Table Mountain Observatory

Last updated
Table Mountain Observatory
Table Mountain Observatory 2.jpg
Aerial view of Table Mountain Observatory
Organization NASA  / JPL
Observatory code 673
Location Big Pines, California, U.S.
Coordinates 34°22′55″N117°40′54″W / 34.3820°N 117.6818°W / 34.3820; -117.6818 Coordinates: 34°22′55″N117°40′54″W / 34.3820°N 117.6818°W / 34.3820; -117.6818
Altitude2,286 meters (7,500 ft)
Established1924 (1924)
Website tmf.jpl.nasa.gov
Telescopes
Pomona College Telescope1.0 m reflector
unnamed telescope0.6 m reflector
Usa edcp relief location map.png
Red pog.svg
Location of Table Mountain Observatory
  Commons-logo.svg Related media on Commons

Table Mountain Observatory (TMO) is an astronomical observation facility operated by NASA's Jet Propulsion Laboratory (California Institute of Technology). It is located in Big Pines, California, in Angeles National Forest near Wrightwood, north-northeast of Los Angeles, California, in the United States. [1] [2]

Contents

TMO is part of JPL's Table Mountain Facility (TMF). The larger site hosts a number of non-astronomical projects. The site was first used by the Smithsonian Institution in 1924, which conducted atmospheric, solar, and astronomical observations for many years. JPL took over the lease in 1962. [3] [2] The observatory conducts high-precision astrometric observations to support NASA and international spacecraft mission navigation, confirmation and recovery of near-Earth objects such as comets and asteroids that may potentially impact the Earth, and technology development. [4]

The main-belt asteroid 84882 Table Mountain was named in honor of the observatory. [2]

List of discovered minor planets

More than 260 minor planets were discovered at TMO, often referred to as "Wrightwood" the Minor Planet Center and credited to several astronomers, most notably to James Young, but also to other astronomers such as Jack B. Child, Greg Fisch, A. Grigsby, D. Mayes, and Mallory Vale. The MPC also directly credits TMO with the discovery of one numbered main-belt asteroid (see table).

important;
(166609) 2002 RF232 10 September 2002 MPC

Instruments

Two telescopes are currently operated at TMO:

Minor planets discovered: 1 [8]
see § List of discovered minor planets

Former instruments

Former instruments at TMO include:

Observing with the 0.6m telescope Table Mountain Observatory control room1.jpg
Observing with the 0.6m telescope

Honours

The main-belt asteroid 84882 Table Mountain, discovered by James Whitney Young at TMO in 2003, was named in honor of the observatory. [2] Naming citation was published on 28 October 2004 ( M.P.C. 52955). [15]

See also

Related Research Articles

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<span class="mw-page-title-main">Purple Mountain Observatory</span> Observatory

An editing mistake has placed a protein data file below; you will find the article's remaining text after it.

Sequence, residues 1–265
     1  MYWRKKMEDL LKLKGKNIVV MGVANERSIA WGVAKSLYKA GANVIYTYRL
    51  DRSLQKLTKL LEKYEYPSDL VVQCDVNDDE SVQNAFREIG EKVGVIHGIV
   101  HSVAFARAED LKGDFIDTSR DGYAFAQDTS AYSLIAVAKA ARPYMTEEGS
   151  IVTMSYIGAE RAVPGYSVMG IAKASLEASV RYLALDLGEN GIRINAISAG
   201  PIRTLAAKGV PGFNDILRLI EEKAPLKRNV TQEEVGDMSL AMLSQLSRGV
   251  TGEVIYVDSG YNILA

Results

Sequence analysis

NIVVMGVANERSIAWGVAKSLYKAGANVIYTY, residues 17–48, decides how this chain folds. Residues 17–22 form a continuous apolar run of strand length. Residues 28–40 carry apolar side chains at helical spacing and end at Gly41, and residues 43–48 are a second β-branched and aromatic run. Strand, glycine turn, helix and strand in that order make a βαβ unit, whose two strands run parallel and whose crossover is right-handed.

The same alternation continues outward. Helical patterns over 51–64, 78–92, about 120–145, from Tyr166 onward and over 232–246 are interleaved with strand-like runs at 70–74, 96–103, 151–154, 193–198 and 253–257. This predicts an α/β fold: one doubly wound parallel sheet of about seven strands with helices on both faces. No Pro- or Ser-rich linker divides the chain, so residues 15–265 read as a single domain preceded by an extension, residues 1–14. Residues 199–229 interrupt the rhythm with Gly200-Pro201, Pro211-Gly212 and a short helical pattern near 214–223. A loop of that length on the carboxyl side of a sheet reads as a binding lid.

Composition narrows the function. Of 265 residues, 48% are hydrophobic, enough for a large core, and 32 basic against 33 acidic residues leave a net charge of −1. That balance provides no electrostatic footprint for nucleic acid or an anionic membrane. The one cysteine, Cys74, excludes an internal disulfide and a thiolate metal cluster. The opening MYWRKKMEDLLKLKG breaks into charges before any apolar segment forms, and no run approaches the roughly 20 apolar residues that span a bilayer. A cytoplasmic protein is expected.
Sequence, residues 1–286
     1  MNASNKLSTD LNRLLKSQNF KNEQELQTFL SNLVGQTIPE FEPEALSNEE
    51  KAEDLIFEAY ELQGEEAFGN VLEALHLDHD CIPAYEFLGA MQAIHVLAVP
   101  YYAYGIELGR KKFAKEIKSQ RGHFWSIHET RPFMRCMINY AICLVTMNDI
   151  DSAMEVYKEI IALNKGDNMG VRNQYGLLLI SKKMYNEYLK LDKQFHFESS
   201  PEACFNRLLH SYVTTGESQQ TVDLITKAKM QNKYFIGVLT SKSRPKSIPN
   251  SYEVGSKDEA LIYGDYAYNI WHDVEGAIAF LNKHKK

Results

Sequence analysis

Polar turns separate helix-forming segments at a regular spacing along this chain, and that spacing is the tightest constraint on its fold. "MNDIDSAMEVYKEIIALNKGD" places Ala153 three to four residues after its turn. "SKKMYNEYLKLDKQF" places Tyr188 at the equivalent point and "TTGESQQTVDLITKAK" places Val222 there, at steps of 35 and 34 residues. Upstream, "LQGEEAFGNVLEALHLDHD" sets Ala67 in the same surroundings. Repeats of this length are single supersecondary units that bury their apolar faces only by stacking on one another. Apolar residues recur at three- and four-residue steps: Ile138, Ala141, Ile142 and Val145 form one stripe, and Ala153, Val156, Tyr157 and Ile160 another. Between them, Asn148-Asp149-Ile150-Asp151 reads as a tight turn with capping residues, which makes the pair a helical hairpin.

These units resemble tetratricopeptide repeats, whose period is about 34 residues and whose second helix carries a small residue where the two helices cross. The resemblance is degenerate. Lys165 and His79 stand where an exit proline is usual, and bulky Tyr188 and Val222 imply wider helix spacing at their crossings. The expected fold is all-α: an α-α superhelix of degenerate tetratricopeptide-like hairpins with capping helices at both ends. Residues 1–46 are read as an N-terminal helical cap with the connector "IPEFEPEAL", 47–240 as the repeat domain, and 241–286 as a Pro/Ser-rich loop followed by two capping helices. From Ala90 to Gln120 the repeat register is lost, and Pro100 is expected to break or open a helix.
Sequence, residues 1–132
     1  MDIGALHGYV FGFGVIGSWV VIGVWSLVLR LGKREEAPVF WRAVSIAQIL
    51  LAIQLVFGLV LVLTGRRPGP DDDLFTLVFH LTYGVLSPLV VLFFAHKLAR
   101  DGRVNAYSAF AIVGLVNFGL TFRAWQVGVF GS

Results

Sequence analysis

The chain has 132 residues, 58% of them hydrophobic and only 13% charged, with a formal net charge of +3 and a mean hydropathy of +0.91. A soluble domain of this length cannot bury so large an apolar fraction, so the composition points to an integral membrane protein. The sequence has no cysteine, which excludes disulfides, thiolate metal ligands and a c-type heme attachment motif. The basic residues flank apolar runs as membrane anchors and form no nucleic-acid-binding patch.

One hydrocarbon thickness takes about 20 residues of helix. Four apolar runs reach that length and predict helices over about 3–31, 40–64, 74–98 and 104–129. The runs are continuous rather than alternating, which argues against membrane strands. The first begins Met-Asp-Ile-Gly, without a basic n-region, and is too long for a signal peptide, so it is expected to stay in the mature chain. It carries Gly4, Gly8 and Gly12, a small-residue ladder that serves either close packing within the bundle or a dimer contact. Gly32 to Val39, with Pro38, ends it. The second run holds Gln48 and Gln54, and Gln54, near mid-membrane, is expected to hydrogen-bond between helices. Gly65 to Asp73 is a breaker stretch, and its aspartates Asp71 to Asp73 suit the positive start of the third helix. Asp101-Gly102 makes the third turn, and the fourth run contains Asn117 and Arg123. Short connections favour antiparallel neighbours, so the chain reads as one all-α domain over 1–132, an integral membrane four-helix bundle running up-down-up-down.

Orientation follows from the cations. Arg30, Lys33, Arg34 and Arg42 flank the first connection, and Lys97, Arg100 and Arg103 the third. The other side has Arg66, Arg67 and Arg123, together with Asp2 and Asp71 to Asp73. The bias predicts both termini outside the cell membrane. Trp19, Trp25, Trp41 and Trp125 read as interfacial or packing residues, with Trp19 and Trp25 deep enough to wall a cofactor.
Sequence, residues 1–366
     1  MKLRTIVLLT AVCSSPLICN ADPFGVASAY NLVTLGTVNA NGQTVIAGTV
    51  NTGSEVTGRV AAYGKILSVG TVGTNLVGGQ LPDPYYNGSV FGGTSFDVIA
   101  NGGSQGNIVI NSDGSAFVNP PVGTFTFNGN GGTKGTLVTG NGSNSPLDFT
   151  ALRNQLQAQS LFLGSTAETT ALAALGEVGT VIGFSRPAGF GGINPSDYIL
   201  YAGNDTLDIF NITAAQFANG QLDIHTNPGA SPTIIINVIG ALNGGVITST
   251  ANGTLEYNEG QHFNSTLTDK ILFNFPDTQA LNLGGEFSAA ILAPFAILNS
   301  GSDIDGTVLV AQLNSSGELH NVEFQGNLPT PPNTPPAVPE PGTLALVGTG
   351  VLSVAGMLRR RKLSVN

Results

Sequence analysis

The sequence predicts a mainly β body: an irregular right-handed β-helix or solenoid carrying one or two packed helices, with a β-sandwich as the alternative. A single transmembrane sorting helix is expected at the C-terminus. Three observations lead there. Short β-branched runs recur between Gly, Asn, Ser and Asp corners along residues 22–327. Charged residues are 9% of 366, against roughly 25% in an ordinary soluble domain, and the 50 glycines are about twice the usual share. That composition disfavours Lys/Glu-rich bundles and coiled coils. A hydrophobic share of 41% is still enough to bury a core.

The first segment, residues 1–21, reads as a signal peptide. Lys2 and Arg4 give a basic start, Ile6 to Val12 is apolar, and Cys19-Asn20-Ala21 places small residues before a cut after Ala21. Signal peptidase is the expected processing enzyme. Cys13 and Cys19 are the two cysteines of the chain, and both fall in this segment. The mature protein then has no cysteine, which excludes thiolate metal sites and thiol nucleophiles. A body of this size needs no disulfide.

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84882 Table Mountain, provisional designation 2003 CN16, is a bright background asteroid from the central region of the asteroid belt, approximately 3 kilometers (1.9 miles) in diameter. It was discovered on 1 February 2003, by American astronomer James Whitney Young at the Table Mountain Observatory near Wrightwood, California. The S/Q-type asteroid was later named after the discovering observatory.

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<span class="nowrap">(612093) 1999 LE<sub>31</sub></span>

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References

  1. "Table Mountain Observatory: Home". Jet Propulsion Laboratory. Archived from the original on 2008-09-01. Retrieved 2010-07-30.
  2. 1 2 3 4 Schmadel, Lutz D. (2006). "(84882) Table Mountain [2.63, 0.29, 13.9]". Dictionary of Minor Planet Names – (84882) Table Mountain, Addendum to Fifth Edition: 2003–2005. Springer Berlin Heidelberg. p. 234. doi:10.1007/978-3-540-34361-5_2786. ISBN   978-3-540-34361-5.
  3. 1 2 Young, James W.; Harris, Alan W. (Spring 2009). "The Early History of Photometric Observations of Asteroids made at the Table Mountain Observatory". The Society for Astronomical Sciences 28th Annual Symposium on Telescope Science. Held May 19–21. 28: 77. Bibcode:2009SASS...28...77Y.
  4. "Table Mountain Observatory: Programs". Jet Propulsion Laboratory. Archived from the original on 2010-05-28. Retrieved 2010-07-30.
  5. "Projects at TMF". Jet Propulsion Laboratory. Archived from the original on 2001-02-20. Retrieved 2012-01-20.
  6. "Telescope specs | Pomona College Astronomy Program". Pomona College Astronomy Program. Retrieved 2012-01-20.
  7. "Table Mountain Observatory: Telescopes". Jet Propulsion Laboratory. Archived from the original on 2008-10-01. Retrieved 2012-01-20.
  8. "Minor Planet Discoverers (by number)". Minor Planet Center. 18 November 2016. Retrieved 26 November 2016.
  9. Young, James W. (2009-12-17). "The Table Mountain Facility - 4: 1986 - 1998" . Retrieved 2012-01-22.
  10. 1 2 3 Klett, K. K. (1992). "California Institute of Technology, Jet Propulsion Laboratory/Table Mountain Observatory, Wrightwood, California 92397. Report for the period Jul 1990 - Jul 1991". Bulletin of the Astronomical Society. 24 (1): 119. Bibcode:1992BAAS...24..119K.
  11. "Table Mountain Observatory: Telescopes". Jet Propulsion Laboratory. Archived from the original on 2003-11-28. Retrieved 2012-01-20.
  12. "Table Mountain Observatory: Telescopes". Jet Propulsion Laboratory. Archived from the original on 2010-05-28. Retrieved 2012-01-22.
  13. 1 2 Young, James W. (2009-12-17). "The Table Mountain Facility - 3: 1965 - 1986" . Retrieved 2012-01-22.
  14. "Jet Propulsion Laboratory 1973-1974 Annual Report" (PDF). Jet Propulsion Laboratory. Retrieved 2012-01-20.
  15. "MPC/MPO/MPS Archive". Minor Planet Center. Retrieved 26 November 2016.